Disappointed Researchers Find Out That What Was Thought To Be 3.7 Billion-Year-Old Fossils, Are Probably Just Rocks
Thanks to geology, the human race has learned a great deal about the earth’s past. We have learned about the migration patterns and diets of creatures that walked the planet’s surface long before our time. Through excavation, even previously unknown cities have been found. Just like any science, geology is not perfect.
Have you ever found something you thought to be of great value, only to find out it was a simple trinket? Imagine making a ground-breaking discovery only to find out the evidence was completely wrong.
In Greenland, there is said to be fossils encased in rock estimated to be 3.7 billion years old. Recent analysis suggests that the “fossils” are not what they were first believed to be.
When the formations were first found and examined, researchers had concluded these cone-shaped objects were the oldest signs of life on earth. The mistake may have been because similar shapes are seen in rock samples containing evidence of microbial life.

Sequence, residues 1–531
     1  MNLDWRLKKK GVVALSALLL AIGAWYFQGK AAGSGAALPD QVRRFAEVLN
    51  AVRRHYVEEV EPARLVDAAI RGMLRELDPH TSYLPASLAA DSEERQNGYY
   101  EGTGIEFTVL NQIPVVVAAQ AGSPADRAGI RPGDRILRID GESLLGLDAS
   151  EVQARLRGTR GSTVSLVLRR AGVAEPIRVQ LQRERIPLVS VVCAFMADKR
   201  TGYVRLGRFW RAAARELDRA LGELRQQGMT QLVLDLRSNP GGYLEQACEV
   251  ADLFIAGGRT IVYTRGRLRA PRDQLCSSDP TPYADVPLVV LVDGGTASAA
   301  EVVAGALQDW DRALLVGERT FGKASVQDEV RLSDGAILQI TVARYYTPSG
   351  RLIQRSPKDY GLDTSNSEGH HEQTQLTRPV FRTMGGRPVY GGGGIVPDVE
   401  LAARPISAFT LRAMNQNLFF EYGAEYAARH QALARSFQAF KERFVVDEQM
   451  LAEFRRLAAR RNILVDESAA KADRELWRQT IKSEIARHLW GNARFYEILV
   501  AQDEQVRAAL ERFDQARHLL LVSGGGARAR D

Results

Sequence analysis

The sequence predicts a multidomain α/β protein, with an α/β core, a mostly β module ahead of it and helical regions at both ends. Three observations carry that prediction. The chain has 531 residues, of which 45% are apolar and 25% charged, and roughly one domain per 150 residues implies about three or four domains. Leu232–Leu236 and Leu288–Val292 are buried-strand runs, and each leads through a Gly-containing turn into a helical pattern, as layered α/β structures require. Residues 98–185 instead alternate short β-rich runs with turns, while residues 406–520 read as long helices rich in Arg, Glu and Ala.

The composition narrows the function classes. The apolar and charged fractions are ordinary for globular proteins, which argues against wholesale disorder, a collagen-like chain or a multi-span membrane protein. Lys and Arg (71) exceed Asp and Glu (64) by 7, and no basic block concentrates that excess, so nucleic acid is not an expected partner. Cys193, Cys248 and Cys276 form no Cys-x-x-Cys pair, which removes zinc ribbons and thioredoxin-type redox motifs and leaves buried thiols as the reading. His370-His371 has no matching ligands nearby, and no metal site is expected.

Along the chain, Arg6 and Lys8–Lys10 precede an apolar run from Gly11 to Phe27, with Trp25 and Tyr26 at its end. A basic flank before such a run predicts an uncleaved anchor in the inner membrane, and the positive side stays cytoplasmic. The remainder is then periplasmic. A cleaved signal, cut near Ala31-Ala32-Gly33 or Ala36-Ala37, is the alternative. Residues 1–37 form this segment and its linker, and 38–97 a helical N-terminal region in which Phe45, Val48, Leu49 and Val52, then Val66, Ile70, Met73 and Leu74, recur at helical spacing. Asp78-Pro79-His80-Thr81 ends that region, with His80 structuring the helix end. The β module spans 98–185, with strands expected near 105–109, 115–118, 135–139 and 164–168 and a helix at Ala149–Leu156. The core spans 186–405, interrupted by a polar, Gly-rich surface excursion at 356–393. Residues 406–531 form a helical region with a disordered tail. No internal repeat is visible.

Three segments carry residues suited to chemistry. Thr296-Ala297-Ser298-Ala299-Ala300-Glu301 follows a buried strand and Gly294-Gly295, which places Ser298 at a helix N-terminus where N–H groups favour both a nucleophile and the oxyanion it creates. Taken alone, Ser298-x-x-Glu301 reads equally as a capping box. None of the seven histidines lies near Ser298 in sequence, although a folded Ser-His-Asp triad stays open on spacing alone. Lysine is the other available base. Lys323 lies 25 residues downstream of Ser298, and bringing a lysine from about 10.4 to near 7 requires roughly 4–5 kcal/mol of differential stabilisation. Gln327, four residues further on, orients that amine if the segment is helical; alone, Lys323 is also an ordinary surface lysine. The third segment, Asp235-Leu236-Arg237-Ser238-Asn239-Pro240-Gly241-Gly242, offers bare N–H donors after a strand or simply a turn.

Josh Hurowitz, co-author stated about the new findings, “It’s much easier to explain these shapes as rocks that were squeezed together.”
When it comes to making a discovery with such large implications, it greatly adds to a research team’s reputation.
The team that made the find on the “fossils” has continued to defend their research despite the great deal of evidence to the contrary. It’s admirable that they would stick to their initial conclusion, but the scientific method demands they go back and prove the new findings wrong.
It’s unfortunate that a new team has, in effect, disproved one of mankind’s most important discoveries.
It is hard to determine the biological content of fossils so embedded in rock, as it requires carbon dating. The team that first examined the site may have made an error somewhere during the research.
This shows us that we must always double check our findings to ensure the most accurate conclusion.